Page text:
October 3, 2018
Tara Deschamps THE CANADIAN PRESS
TORONTO – Canadian shoppers who like to buy products from the U.S. online have reason to rejoice about the revised NAFTA deal, but some homegrown retailers could be in for a struggle, say experts.
Under the renegotiated North American Free Trade Agreement, Canada may increase its de minimis level – the value of product consumers can buy online without being forced to pay import duties or taxes – to $150 for custom duties and $40 for sales taxes. The U.S. had been pushing for Canada to raise their threshold from $20 to $800.
The new threshold will mean Canadians will get a break on lower-cost U.S. goods that they order online, said Walid Hejazi, a University of Toronto associate professor specializing in international trade.
“This is fantastic,” he said. “Canadians should be thrilled at the idea that they can now buy things from the U.S. and other countries and bring them in without paying the duties…Canadians should celebrate.”
He considered the change a win for shoppers because the previous $20 de minimis level was among the lowest around the globe and had been set long before the rise of e-commerce.
He said that raising the limit would boost competition between retailers, perhaps even causing prices at Canadian stores to drop as retailers try to deter shoppers from looking abroad for items.
Larry Rosen, the chief executive officer of luxury menswear brand Harry Rosen Inc., said the high prices of the men’s suits and other products his company sells means it is “fairly immune” to the impact of de minimis, but he worried other retailers selling less expensive goods would see some negative affects.
Under the new de minimis levels, he said if shoppers buy something from an online U.S. retailer for $39 with free shipping it will be cheaper than if you buy the item at a Canadian retailer at the same price and have to pay the harmonized sales tax.
Rosen expected the deal could also cause “funny behaviour” because if you want to buy three $39 T-shirts from across the border, he said, shoppers and retailers could get crafty and realize that they can save if they buy and ship the products separately to avoid the taxes.
“It is not ideal and it is not perfect. It is going to hurt some low-price retailers,” he said. “There’s definitely going to be an advantage for U.S. online retailers selling lower priced items into Canada…I am heaving a sigh of relief and saying it could have been a lot worse.”
Karl Littler, the vice-president of public affairs at Retail Council of Canada, said he didn’t expect the de minimis threshold to have a significant impact on Canadian consumers because the threshold wasn’t raised as high as the Americans wanted.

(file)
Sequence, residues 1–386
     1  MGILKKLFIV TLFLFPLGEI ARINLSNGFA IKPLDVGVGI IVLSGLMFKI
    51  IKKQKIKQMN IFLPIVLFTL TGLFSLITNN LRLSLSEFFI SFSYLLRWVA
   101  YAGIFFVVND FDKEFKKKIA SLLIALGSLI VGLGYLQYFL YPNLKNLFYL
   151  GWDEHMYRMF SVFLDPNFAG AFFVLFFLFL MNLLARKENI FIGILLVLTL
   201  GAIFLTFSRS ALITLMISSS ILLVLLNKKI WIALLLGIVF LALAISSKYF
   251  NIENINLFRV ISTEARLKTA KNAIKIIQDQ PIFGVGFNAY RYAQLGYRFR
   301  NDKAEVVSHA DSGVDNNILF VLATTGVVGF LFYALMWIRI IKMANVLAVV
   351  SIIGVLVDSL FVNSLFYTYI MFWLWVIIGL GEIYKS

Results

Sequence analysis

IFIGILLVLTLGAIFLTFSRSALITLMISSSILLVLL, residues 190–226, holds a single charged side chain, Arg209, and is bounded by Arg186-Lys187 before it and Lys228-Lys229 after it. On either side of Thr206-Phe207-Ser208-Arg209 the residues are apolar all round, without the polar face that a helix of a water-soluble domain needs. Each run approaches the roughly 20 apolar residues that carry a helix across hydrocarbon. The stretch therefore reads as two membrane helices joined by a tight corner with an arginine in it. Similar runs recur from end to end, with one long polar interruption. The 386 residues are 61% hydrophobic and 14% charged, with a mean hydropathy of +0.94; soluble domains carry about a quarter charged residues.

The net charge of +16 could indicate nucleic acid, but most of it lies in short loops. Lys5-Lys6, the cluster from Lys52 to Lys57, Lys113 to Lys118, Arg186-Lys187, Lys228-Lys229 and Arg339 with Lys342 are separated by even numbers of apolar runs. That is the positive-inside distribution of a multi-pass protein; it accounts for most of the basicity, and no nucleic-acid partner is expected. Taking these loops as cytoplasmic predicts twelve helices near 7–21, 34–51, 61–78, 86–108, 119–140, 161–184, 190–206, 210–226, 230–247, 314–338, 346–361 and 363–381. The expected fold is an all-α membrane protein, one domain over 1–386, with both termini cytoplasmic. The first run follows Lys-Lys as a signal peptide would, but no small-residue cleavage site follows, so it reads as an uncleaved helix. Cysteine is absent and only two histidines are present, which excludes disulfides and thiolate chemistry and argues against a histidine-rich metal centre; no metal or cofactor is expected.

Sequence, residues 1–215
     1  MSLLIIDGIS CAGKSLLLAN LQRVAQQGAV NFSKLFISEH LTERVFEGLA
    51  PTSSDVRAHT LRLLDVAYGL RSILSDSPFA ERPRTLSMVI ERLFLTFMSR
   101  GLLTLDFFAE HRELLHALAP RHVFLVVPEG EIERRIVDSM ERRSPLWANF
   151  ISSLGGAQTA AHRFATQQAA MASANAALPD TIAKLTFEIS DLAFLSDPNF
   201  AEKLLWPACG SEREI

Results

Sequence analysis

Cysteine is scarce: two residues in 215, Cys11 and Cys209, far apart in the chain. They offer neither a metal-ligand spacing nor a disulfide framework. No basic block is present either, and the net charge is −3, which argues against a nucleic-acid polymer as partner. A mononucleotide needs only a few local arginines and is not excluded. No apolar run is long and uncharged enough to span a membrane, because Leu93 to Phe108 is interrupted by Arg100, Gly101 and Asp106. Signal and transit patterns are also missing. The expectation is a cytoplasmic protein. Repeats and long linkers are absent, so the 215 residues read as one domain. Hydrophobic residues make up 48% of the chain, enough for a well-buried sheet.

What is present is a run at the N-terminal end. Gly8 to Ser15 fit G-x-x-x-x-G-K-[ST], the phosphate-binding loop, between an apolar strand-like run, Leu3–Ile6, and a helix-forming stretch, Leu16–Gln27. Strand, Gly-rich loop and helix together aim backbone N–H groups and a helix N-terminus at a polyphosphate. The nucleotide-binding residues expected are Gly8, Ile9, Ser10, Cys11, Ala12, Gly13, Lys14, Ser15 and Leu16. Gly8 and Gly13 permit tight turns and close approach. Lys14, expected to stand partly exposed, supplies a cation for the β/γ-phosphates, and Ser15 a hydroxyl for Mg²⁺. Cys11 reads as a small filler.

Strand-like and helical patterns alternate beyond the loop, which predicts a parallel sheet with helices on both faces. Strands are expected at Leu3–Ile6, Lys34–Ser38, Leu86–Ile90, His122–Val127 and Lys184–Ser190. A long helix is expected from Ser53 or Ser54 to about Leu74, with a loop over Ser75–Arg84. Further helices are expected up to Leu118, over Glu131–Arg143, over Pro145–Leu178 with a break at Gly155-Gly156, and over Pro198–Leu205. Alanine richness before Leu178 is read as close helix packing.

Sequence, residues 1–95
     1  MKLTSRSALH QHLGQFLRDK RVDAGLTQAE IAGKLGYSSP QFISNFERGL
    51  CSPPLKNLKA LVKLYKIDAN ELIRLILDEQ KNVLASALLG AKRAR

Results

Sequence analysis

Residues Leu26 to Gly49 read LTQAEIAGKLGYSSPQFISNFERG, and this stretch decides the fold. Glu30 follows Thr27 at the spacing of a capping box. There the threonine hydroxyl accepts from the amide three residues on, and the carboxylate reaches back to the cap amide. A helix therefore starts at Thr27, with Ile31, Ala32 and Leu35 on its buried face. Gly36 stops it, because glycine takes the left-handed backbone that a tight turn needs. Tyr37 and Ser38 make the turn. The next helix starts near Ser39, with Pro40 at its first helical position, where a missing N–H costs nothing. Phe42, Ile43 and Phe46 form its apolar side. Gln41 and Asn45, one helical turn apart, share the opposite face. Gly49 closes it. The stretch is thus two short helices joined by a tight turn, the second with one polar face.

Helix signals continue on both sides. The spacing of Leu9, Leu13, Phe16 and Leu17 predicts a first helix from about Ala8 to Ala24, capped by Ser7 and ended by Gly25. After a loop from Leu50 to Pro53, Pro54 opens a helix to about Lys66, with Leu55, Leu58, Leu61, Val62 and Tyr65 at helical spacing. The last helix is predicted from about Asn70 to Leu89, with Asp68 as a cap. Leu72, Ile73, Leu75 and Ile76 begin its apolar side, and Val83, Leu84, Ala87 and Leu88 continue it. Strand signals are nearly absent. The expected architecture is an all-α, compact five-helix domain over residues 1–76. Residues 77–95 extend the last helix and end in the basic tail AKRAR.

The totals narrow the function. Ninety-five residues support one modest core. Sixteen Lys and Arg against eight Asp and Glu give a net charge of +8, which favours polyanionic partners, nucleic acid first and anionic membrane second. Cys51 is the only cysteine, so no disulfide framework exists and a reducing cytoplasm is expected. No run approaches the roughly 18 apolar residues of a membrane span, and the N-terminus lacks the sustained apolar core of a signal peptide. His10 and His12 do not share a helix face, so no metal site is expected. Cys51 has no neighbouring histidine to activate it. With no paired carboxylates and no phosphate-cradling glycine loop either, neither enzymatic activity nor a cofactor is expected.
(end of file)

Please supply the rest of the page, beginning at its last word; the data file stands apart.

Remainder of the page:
However, he felt the level created “an uneven playing field” between merchants operating within Canada and people shipping products in from outside.
“If the federal government wants to increase the benefits for consumers, what it could do is take the customs duties off the products that Canadian merchants import,” he said. “That would make a difference.”
The council has long been pushing for such a measure and on Monday, Canadian Tire Corp. released a statement prodding the government to extend the same relief to homegrown retailers.
The council was intently watching NAFTA negotiations because a 2017 study it took part in found that if Canada increased its threshold to US$200, it would cause 286,224 retail or retail-related job losses, a $8.8 billion dip in labour income and an $11.5 billion drop in gross domestic product (GDP) by 2020.
If the threshold was raised to US$800 as the U.S. hoped, the study said it would cause the loss of 300,244 retail or retail-related jobs, $9.2 billion in labour income and $12 billion in GDP by 2020.
NPD Group, a research firm, also previously released a study that found that increasing de minimis levels to $150 will make U.S. prices “more attractive” for Canadians because many products Canadians buy online are well over the previous level.
“Canadian retailers will need to continue to offer a greater breadth of assortment online to give themselves the best chance at winning over the Canadian e-commerce consumers,” said Armin Begic, the NPD Group’s retail business group director, in an email to The Canadian Press.
He said his company’s study also found that over the last few years, more Canadians are choosing to make online purchases from retailers shipping from within the country, while cross-border shopping has declined.